Can you decode your baby's body language?

Baby kicks legs

Just because babies can’t talk doesn’t mean they don’t have lots to say! Your baby started communicating with you even before she was born and continues to do so now using her body and cries. You can easily decode these early messages.


Newborns do this a lot but they’re not bored or tired – yawning is actually an autonomic action. You may also notice your baby sneezing quite a bit. She does this involuntarily too – not necessarily because she’s getting sick.

Sucking on her fingers

If it’s not around feeding time, young babies suck on their fingers or fists as a way to self-soothe, an important skill needed for sleep. Additionally, says occupational therapist and co-author of the Sense series of books, Meg Faure, your baby does this as an exploration of the haptic sense – starting to recognise objects through touch.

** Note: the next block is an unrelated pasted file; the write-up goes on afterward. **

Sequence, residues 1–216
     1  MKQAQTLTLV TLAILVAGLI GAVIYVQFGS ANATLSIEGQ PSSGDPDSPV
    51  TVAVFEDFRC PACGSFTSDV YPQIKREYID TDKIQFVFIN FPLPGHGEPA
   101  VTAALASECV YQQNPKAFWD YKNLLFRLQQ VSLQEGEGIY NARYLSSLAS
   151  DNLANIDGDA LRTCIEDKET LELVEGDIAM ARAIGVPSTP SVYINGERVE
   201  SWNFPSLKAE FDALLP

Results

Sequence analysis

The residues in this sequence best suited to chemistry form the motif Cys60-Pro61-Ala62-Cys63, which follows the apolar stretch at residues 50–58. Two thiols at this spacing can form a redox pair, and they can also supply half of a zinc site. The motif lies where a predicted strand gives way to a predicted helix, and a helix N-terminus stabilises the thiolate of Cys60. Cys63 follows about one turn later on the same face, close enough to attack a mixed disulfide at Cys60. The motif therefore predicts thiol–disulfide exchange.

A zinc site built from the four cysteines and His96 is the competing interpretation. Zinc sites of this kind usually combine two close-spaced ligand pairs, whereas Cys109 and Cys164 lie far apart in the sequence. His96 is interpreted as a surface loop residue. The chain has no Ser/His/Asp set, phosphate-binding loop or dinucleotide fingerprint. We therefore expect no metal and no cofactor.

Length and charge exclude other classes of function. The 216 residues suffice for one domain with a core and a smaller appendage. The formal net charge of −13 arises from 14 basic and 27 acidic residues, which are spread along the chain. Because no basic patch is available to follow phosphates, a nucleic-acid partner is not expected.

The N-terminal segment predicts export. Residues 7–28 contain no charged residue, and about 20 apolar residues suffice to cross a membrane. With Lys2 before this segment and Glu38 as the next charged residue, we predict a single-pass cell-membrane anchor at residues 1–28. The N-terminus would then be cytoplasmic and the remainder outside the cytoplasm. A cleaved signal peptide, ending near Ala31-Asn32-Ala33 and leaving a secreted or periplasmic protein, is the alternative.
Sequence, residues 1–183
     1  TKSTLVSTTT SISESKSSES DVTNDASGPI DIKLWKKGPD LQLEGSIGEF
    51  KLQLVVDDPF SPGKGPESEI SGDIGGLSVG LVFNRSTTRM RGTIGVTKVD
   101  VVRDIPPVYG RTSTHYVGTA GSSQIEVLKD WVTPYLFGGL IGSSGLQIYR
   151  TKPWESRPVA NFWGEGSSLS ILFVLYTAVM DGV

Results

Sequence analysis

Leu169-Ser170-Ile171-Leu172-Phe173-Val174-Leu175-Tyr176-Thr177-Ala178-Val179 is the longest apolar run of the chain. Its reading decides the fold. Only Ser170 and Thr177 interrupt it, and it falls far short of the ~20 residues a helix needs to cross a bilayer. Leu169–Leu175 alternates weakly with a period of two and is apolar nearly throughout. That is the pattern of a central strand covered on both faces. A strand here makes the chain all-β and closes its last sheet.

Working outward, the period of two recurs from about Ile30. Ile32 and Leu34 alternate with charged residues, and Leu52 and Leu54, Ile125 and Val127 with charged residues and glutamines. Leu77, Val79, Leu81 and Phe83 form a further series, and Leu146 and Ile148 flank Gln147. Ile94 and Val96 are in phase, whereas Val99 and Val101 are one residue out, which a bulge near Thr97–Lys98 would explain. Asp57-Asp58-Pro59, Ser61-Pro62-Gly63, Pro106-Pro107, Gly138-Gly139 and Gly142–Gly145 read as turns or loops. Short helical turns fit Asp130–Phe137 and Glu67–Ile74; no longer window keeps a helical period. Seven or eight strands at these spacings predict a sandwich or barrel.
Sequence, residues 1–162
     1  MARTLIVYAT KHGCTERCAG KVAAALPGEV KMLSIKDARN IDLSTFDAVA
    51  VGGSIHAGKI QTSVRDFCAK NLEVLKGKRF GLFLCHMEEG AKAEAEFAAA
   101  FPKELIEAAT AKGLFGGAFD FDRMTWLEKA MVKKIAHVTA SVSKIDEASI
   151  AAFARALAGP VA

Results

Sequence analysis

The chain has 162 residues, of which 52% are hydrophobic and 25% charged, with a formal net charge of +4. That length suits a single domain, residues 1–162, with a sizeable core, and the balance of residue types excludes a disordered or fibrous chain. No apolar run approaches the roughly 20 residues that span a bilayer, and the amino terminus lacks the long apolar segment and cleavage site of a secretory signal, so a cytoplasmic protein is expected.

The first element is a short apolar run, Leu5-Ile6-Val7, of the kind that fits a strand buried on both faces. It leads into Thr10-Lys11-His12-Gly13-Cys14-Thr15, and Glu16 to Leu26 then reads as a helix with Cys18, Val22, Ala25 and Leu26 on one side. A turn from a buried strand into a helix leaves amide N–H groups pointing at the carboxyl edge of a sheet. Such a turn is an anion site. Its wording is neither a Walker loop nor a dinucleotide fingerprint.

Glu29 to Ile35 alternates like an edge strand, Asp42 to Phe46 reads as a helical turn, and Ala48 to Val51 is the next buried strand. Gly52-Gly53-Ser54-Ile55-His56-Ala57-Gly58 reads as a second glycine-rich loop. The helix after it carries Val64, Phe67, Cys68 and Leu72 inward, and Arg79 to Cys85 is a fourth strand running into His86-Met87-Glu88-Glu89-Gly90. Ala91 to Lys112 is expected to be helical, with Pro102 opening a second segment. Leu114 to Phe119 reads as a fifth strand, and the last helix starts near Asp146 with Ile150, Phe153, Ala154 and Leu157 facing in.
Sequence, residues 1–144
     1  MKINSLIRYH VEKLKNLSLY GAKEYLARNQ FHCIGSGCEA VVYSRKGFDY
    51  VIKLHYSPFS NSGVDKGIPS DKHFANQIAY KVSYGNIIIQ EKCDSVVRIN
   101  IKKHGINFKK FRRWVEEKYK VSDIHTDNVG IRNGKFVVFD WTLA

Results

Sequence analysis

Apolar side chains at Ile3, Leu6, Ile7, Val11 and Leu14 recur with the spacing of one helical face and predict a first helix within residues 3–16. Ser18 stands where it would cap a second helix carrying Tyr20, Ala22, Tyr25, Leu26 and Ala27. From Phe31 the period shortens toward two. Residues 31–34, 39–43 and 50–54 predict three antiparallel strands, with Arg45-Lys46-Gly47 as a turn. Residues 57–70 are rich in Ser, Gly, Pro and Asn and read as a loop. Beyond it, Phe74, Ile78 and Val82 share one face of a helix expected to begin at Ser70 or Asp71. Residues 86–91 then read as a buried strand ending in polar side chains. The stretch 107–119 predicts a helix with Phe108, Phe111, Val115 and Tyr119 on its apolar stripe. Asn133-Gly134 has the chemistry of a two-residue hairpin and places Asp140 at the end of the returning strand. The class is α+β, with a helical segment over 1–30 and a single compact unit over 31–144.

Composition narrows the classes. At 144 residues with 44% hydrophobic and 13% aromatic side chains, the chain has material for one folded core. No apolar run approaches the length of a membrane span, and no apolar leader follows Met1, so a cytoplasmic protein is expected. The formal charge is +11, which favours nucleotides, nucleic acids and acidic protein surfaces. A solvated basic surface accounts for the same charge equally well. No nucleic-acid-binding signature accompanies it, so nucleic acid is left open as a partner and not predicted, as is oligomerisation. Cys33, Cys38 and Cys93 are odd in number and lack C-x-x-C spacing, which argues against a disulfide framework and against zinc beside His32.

Babies don’t cry to be naughty. Crying is an important communication tool for your little one and you’ll soon learn to interpret one of the seven types of cries that are generally recognised: pain, discomfort, hunger, loneliness, overstimulation, boredom or frustration.


Smiling is unique to humans and comes naturally when babies recognise a familiar face. Around 6 weeks your baby is starting to learn to experience emotion, and a smile on her face means that she’s happy. Smiling also brings a double reward when it’s returned as smiling is a baby’s first lesson in socialising.

Pulling a tongue

“The tongue thrust is a primitive reflex that goes away around four to six months,” says Meg. Babies who are fed solids early may also exhibit this reflex – they’re doing this because of the new experience solids brings. Toddlers usually stick their tongues out when they are engrossed in a certain activity or play.

Kicking her legs

Babies kick their blankets off when they’re too hot. Unfortunately babies can’t pull their blankets back up again – this is when crying comes in useful.